Randall Rd. continues way South. . .Elgin, St. Charles, and further. The commercial building (Stores, strip malls, etc.) along Randall goes on seemingly forever. Check out Algonquin Commons (an upscale outdoor mall). Most of that area was farms so there aren't as many trees, but the whole area is pretty.

If you get a chance, drive east to the Fox River. We're at least 1/2 mile east of the Fox River because we wanted a larger yard with mature trees. Algonquin is spread out more than most people realize.
Goldenberry
Northeast, IL
(Zone 5b)

March 20, 2012
12:46 PM

Post #9050332

Nuts, growing rhodos in our climate and clay soil is not a big deal at all. Plant them in a hole amended well with compost and pine bark fines, with the top of the root ball situated slightly above ground level. You feed them in spring to early summer each year with Miracid and/or soil sulfur, two or three times. That's it. I have two beautiful PJM type rhodos that are at least 15 years old and still going strong. Now azaleas on the other hand, I have had no luck with those.

tcs1366

tcs1366
Itasca,IL&Lk Delton, WI
(Zone 5a)

March 20, 2012
1:04 PM

Post #9050352

I have never had luck with Azaleas either.
CindyMzone5
Hobart, IN

March 20, 2012
1:18 PM

Post #9050365

nuts - have you ever had your soil tested? Would it be any different than the rest of IL because you're near the river? Sometimes you can "read" your soil acidity by the wild plants/weeds that grow close to your home. I think in clay soil (which I have too), don't plant rhodies or azaleas too deep. They're shallow rooted plants and prefer it that way. Diluted brewed coffee is another way to help promote acidity. 4 parts water to 1 part brewed coffee. I usually use the leftover morning coffee. Or Espoma makes a fertilizer called Hollytone for acid-lovers - very reputable brand. That's what I usually use to feed the rhodie family as well as my hollies and Hinoki cypress. There are lots of great flowering shrubs for shade so you needn't grow only in sun.
I've been growing the Northern Lights family of azaleas and haven't lost one yet. They're taller and more open in structure but lots of great color.
nutsaboutnature
Algonquin, IL
(Zone 5a)

March 21, 2012
3:38 PM

Post #9051819

Goldenberry & CindyMzone5 ~

You guys have me all excited now!

Goldenberry - What exactly are Pine bark fines?? Is it just finer pine bark mulch? I'm very familiar with Miracid and I know what soil sulpher is, but have never used it. Planting a little high makes sense, especially since we do have lots of clay.

CindyMzone5 - We've never had our soil tested and would probably need to do it all over the yard since our yard is large. I have one long narrow raised bed that my husband built several years ago. He removed most of the soil and added bagged topsoil plus all kinds of ammendments like crushed leaves, compost, etc. It's the nicest bed to work in the whole yard & might be a great location for a first attempt.

I get coffee grounds all spring and summer from Starbucks to add to both my beds & compost bin, plus I save my coffee grounds, filters & all in a plastic bag. When the bag's full I dump it in my compost bin..even in Winter. I like the idea of mixing it with water.

I have also used some of the Espoma products.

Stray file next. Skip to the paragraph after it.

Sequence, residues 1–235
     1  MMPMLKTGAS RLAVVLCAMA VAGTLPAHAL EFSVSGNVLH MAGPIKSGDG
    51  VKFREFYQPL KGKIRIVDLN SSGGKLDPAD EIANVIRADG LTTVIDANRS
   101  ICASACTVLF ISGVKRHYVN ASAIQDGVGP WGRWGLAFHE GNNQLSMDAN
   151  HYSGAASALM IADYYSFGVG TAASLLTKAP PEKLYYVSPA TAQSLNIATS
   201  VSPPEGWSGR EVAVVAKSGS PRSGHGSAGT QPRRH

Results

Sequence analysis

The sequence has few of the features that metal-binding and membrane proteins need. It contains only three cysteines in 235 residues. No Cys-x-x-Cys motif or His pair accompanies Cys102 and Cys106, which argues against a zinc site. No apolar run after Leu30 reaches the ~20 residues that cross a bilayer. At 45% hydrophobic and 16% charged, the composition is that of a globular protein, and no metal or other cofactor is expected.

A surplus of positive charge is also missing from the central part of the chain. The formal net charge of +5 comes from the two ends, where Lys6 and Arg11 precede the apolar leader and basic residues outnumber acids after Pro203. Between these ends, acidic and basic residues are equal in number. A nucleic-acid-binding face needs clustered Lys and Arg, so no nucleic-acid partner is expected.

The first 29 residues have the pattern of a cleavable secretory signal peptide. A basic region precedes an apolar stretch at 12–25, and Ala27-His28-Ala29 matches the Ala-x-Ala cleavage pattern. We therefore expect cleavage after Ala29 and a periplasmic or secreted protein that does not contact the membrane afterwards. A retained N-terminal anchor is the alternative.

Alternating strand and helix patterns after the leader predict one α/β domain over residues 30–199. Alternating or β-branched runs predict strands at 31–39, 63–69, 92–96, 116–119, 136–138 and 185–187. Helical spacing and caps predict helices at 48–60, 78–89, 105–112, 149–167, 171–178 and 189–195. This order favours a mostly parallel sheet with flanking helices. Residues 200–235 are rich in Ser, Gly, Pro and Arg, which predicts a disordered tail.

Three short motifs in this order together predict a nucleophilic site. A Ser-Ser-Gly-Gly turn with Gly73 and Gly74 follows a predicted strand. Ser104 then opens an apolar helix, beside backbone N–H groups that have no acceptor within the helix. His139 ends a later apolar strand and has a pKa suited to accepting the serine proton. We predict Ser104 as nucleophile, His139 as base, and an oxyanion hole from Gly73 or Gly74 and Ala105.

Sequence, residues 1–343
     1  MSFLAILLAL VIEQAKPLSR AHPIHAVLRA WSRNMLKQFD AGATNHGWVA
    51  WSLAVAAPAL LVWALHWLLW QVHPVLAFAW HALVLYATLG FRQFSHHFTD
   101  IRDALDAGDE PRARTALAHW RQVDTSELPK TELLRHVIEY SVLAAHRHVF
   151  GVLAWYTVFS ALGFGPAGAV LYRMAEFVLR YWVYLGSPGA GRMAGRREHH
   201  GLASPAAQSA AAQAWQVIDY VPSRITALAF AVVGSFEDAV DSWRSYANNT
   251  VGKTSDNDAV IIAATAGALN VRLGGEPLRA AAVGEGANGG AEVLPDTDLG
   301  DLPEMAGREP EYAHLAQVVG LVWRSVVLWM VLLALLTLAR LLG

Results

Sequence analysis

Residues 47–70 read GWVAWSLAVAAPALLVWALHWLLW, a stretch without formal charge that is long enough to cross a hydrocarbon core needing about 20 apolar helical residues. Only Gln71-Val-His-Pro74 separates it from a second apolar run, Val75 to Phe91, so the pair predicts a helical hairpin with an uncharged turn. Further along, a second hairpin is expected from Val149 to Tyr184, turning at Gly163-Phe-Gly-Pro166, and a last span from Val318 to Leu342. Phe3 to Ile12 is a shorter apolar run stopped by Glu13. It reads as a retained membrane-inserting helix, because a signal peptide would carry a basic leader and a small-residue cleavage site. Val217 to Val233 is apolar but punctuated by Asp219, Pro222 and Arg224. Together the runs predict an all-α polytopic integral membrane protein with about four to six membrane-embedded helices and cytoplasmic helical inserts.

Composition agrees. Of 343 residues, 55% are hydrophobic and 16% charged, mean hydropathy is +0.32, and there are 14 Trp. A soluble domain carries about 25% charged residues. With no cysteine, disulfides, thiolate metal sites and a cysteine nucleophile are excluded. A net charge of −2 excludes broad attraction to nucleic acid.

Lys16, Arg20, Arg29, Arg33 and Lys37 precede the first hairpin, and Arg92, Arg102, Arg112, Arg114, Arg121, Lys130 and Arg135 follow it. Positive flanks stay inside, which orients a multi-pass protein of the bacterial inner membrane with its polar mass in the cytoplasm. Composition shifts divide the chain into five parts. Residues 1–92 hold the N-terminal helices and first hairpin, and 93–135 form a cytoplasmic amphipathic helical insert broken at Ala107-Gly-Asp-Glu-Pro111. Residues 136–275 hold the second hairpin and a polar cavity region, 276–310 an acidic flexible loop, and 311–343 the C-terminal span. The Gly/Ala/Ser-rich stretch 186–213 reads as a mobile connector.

Wow. . .Thanks so much!



CindyMzone5
Hobart, IN

March 21, 2012
5:50 PM

Post #9051991

nuts - your raised bed sounds luscious. I know I should change over to raised beds (at least in some areas) but I'm not ready to dig everything up to do it. I save all of my coffee grounds and filters and even during the winter, I'll hike out to the compost bed to dump them in along with veggie scraps. A lot of the acid is removed from the grounds during brewing. The water ratio is for actual coffee so the ratio of grounds to water might be lower. You might find more specific info on the net.
nutsaboutnature
Algonquin, IL
(Zone 5a)

March 21, 2012
7:13 PM

Post #9052122

Cindy -
The raised bed is nice, but it was alot of work. The clay soil was almost like digging up concrete in some places, plus when this house was originally built they, apparently, threw leftover chunks of concrete and huge rocks out into the back and then just covered it up. Add the roots from our neighbor's Maple tree and I doubt that my husband would want to repeat it too often.

Also, because our yard slopes slightly in two directions, he graded it and built the bed higher towards the back side and angled towards one end so it would be basically level. I don't think I would have had the strength to dig down as deep as he did.
CindyMzone5
Hobart, IN

March 22, 2012
7:06 AM

Post #9052561

My yard slopes quite a bit as well. I think the creek that's near us used to be so much bigger and we're kind of on the former bank of it. My lower garden is 10 ft lower than the rest of yard. I'm always looking for stuff to slow the water running down the hill during rain. If I was younger, I'd probably take the time to build stone terraces but for now, logs and landscape timbers will have to do.
Goldenberry
Northeast, IL
(Zone 5b)

March 22, 2012
8:45 AM

Post #9052675

Yes, pine 'fines' are just small pine bark bits. I started out sifting pine bark mulch to get the smaller pieces to put in containers and raised beds but it was a lot of work. Home Depot carries pine bark mulch that has pretty small pieces. As long as you don't buy the nuggets, any pine mulch will probably work well.